Why It's Important to Plan End-of-Life Care
End-of-life care isn't usually a top-of-mind topic. In fact, a recent study found that many people know little about it. But understanding your choices and making them known now can ensure you get the care you want if you ever become seriously ill or hurt.
Planning for yourself
In the American Journal of Preventive Medicine, researchers looked at the results of a national health survey. Nearly 8,000 adults answered questions about their lifestyle and well being. They were also asked about end-of-life care. Only 26 out of 100 people said they had any such plans in place. Almost one-third said they had no interest or knowledge about the topic.
End-of-life care is also known as advanced care planning. It starts with a legal document called an advance directive. This document has directions for your doctor, loved ones, and others about the type of care you want if you can’t tell them yourself. Two key parts of an advance directive are a living will and a durable power of attorney.
A living will explains the types of care you would want in an end-of-life situation. For instance, you can choose whether you would want to be put on a ventilator to help you breathe. You can also list your wishes for tests, procedures, or medicines. A durable power of attorney lets you appoint a health care proxy. That's someone who can make health-related decisions for you.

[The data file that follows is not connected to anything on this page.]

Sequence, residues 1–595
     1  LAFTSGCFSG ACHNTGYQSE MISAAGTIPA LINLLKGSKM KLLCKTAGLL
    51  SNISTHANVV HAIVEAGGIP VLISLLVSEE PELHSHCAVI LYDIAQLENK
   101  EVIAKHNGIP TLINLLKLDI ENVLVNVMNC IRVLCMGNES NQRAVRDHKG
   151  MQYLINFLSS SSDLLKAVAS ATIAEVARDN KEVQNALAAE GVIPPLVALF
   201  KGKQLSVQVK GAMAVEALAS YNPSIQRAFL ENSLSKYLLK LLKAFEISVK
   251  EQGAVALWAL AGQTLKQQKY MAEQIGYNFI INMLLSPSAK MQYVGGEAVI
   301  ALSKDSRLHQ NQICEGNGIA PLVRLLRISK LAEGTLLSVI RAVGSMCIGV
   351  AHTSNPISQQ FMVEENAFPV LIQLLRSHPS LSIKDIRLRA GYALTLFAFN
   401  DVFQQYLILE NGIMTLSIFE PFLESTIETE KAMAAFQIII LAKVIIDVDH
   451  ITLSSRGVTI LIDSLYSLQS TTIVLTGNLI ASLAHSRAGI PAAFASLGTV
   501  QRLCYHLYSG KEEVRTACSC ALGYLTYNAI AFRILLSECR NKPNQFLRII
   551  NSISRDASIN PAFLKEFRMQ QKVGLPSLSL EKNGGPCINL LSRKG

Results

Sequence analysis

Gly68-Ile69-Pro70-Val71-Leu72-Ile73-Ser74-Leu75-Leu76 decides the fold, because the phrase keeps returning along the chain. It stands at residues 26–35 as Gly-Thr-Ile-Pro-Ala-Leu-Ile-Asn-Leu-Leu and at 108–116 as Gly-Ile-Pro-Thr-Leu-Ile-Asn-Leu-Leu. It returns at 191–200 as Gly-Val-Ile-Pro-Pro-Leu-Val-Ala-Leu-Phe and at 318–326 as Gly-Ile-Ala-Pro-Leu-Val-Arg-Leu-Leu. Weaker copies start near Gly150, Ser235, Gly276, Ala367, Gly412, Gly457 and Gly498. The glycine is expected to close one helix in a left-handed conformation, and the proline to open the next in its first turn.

Considering your choices
No matter your age or health, it's a good idea to think about end-of-life care. You never know when you may face a medical emergency. Having a plan in place may improve your quality of life in the time up to your death.
An advance directive doesn't need to be long and complicated. It simply needs to explain your wishes. It also doesn't have to be a formal legal document. Most doctors honor patient decisions even if they are handwritten.
When considering end-of-life care, keep these points in mind:
- Make sure your advance directive follows your state's laws on end-of-life care. Some states call for such forms or papers to be notarized.
- Give a copy to your doctor, family members, and any others who you think should know your wishes. You should also tell all loved ones about your decisions to help avoid conflict.
- Carefully choose your healthcare proxy. Talk with that person about your decision. Make sure he or she agrees to the role. Your spouse or a close relative may not always be the best choice. He or she may be too clouded by grief if you are close to death.
- Review your advance directive from time to time. You can update it as needed if you change your mind. Be sure to give a revised copy to everyone who received the previous version.
By Ray Turley, BSN, MSN
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